If you’re actively seeking employment, be mindful not to interpret the talent shortage as a “sellers’” market. Although the demand might be high, the caliber of talent required is no less.

And this is not the time to become complacent or lackadaisical in your job search. Active job seekers must be diligent about composing informative, succinct and well-written resumes. You have to be discerning in your pursuit, and research the companies to which you would like to apply.

Although it might be tempting to blanket the market with your resume, it’s a far more effective strategy to identify opportunities that would be a fit for and benefit from your skillset, and then apply only for those.

Channel your energy into presenting the most competitive package to those employers. To learn more tips like this one, check out Colleen Kelly’s “10 Surefire Ways to Stand Out During the Hiring Process.”

 

Battling Burnout? The Grass is Greener (Sometimes)

If you do happen to be a dissatisfied aviation employee, the grass truly can be greener on the other side. So now may be an enticing time to test those waters.

But as I mentioned earlier, just because there’s a high demand for talent, make sure you’re not feeling overly confident. Job dissatisfaction—coupled with overconfidence—can be a recipe for even further unhappiness in the future.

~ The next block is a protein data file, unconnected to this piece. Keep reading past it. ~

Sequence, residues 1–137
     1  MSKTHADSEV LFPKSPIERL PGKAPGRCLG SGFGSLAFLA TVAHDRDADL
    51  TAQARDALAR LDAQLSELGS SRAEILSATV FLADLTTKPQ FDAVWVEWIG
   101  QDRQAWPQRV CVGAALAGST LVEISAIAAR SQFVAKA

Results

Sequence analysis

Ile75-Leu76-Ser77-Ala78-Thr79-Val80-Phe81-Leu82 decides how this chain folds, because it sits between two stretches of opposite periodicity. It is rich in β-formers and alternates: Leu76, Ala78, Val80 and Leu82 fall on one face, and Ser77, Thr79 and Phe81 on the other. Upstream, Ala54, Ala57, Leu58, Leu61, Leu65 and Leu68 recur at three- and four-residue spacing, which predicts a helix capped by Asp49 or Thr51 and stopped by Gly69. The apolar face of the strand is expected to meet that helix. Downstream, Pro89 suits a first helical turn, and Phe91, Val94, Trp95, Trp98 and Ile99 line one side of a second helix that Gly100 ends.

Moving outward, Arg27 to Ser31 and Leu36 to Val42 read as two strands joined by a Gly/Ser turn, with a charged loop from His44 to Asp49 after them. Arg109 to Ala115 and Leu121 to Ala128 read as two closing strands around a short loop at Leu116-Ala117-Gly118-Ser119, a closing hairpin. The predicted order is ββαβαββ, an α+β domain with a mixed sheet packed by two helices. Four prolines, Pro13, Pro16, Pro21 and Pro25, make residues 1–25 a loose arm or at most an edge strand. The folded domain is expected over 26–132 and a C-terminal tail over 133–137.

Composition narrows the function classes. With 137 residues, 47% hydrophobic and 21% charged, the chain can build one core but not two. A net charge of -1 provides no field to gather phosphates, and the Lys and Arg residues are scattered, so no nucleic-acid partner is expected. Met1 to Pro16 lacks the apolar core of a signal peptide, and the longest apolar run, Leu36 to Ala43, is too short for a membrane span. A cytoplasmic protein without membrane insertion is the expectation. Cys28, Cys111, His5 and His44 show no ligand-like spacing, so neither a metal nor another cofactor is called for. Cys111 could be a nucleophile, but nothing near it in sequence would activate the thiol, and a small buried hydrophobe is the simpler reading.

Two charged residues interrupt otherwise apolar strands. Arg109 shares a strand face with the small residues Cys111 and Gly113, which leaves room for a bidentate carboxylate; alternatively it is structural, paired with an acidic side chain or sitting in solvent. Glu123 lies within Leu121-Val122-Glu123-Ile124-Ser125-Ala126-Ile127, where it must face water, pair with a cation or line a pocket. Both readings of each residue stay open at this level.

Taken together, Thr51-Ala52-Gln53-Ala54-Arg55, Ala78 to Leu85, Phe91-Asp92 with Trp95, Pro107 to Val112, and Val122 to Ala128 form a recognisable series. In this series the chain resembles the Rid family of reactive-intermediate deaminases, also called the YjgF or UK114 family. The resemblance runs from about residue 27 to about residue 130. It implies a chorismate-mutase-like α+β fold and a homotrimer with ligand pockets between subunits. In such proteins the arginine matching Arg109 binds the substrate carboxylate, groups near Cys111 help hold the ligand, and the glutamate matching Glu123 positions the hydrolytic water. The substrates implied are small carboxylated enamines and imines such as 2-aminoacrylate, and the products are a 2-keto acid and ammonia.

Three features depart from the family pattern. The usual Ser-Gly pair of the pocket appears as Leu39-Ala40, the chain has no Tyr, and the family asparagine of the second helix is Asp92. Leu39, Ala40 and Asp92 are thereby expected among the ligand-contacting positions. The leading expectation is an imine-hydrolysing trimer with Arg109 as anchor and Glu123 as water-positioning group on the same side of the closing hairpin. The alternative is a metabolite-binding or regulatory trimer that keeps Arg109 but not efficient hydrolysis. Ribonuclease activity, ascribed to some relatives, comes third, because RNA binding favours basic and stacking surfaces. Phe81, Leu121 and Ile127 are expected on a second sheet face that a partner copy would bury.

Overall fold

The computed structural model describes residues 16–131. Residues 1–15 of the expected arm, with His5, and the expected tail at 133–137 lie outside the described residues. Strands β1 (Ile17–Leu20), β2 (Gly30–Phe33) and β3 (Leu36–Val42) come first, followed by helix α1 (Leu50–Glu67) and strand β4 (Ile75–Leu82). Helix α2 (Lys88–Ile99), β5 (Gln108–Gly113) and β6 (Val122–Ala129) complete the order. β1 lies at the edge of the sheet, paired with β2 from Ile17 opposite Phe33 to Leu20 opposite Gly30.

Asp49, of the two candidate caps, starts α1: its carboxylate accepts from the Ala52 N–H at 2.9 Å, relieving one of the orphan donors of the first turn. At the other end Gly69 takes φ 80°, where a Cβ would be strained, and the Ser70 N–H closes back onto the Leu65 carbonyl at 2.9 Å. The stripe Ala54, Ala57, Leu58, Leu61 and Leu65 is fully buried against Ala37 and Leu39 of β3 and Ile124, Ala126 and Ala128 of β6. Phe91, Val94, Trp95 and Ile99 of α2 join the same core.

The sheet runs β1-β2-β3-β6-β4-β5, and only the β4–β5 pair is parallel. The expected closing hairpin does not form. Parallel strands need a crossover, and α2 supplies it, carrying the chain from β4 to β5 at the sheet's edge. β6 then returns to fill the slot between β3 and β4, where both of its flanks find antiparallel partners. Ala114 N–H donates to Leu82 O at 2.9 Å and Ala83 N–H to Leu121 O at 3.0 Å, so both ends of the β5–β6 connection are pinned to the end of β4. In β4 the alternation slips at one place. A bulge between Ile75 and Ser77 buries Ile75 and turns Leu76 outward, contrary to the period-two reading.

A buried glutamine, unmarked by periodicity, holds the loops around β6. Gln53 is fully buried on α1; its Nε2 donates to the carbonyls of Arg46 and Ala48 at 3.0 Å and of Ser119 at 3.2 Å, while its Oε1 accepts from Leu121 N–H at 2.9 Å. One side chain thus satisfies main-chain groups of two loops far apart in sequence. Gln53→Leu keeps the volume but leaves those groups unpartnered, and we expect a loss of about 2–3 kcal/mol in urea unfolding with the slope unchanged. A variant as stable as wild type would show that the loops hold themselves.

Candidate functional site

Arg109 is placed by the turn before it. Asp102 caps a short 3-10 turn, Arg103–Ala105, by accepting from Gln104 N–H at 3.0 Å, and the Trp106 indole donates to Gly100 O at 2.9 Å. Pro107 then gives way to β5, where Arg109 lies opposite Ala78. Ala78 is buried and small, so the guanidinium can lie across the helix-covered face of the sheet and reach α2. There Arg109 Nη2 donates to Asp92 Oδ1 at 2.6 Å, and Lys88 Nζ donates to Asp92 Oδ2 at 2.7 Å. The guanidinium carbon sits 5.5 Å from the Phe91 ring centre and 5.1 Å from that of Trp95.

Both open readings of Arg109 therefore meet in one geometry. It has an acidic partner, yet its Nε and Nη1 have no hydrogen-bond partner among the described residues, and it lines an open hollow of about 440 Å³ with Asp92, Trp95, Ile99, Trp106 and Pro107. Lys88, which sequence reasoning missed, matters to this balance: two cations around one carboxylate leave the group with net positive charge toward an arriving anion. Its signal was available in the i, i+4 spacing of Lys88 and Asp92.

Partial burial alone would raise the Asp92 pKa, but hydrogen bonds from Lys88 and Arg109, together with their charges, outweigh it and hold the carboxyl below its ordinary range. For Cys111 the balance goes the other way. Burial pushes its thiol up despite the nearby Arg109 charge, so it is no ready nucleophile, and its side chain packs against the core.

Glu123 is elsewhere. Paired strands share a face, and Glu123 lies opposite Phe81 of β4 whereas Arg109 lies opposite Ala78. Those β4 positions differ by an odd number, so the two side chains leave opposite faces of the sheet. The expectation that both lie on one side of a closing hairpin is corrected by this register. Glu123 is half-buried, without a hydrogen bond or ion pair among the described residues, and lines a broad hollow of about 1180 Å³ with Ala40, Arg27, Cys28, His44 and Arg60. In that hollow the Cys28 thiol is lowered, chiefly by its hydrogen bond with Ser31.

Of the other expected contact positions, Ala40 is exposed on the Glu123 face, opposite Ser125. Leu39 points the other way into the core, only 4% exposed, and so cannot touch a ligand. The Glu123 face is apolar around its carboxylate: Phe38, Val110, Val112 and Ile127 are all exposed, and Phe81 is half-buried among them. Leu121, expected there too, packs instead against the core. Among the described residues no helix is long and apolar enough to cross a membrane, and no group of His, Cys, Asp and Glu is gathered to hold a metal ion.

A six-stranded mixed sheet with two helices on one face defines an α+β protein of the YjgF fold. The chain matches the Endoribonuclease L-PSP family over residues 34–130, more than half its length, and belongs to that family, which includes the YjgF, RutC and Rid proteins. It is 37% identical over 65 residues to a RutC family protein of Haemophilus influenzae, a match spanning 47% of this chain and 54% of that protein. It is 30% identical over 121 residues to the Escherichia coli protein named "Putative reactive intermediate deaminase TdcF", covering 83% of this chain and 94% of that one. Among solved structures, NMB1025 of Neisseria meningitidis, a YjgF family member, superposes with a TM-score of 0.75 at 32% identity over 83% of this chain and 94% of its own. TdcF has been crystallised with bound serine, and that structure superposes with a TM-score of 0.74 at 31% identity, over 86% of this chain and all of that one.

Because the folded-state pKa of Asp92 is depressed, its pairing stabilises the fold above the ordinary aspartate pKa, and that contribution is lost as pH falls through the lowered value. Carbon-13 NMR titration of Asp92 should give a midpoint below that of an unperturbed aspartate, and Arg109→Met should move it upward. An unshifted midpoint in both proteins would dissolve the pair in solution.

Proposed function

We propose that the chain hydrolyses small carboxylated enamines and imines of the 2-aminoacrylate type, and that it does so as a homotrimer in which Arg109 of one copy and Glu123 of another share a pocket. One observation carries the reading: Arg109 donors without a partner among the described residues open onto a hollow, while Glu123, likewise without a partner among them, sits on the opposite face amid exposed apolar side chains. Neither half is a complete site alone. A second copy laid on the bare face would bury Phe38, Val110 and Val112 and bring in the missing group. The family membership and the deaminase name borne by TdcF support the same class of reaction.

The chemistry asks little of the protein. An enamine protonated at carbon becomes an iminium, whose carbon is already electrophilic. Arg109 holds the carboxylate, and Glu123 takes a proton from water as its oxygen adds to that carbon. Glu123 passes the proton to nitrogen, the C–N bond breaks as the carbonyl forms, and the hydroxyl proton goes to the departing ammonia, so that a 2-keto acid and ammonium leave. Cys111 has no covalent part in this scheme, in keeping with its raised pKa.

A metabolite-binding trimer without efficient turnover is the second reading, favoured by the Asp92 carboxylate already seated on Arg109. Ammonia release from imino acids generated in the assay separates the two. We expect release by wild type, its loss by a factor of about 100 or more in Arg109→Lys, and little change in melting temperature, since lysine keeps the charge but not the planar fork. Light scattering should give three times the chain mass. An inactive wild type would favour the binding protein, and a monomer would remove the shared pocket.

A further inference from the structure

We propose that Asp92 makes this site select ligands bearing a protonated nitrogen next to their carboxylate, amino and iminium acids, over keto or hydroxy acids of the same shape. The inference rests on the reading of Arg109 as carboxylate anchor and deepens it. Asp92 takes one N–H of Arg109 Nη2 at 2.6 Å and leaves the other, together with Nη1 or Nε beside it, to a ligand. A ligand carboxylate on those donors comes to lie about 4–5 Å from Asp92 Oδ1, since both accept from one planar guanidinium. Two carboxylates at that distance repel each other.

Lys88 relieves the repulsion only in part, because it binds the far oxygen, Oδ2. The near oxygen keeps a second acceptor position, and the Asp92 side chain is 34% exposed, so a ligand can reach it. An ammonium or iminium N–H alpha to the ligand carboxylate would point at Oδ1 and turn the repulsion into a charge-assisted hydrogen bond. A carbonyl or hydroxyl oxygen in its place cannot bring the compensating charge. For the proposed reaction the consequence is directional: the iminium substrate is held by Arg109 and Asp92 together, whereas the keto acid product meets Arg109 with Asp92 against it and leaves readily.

It’s natural to want to make compromises and be easily “wooed” by prospective employers when you’re dissatisfied. But it’s likely that we all know an acquaintance or colleague who swapped one ill-fitting job for another.

If you’re disengaged at your current place of employment and aren’t feeling assured about your future, you have to be even more conscientious and deliberate in your search.

Ask yourself: “Why am I dissatisfied?” Be honest when reflecting on what might be your own culpability for being disgruntled. Other questions to ponder: “Is there something I need to change? Have I become negative? What do I need to change going forward? Is my job really the problem?”

If you answered yes, to some of these, what aspects of your job do you find unfulfilling? And what might you do in your next professional role to overcome this?

It’s important to truly reflect on these questions before seeking out new employment. After all, prospective employers will easily sense any negativity you might be harboring. That means you must reach some state of contentment before turning that searchlight on.

To learn more about tackling burn out and job dissatisfaction, check out this post.

 

To sum it up, despite—or perhaps because of—the impact the talent shortage is having on aviation employers, it might be the perfect opportunity to make a move. Especially the gainfully employed passive jobseeker, the unemployed and/or merely dissatisfied aviation professional.

I’d like to leave you with one last bit of advice: Remember that “fit” is important for both you and your future employer. After all, business aviation isn’t about planes, “It’s all about people™.”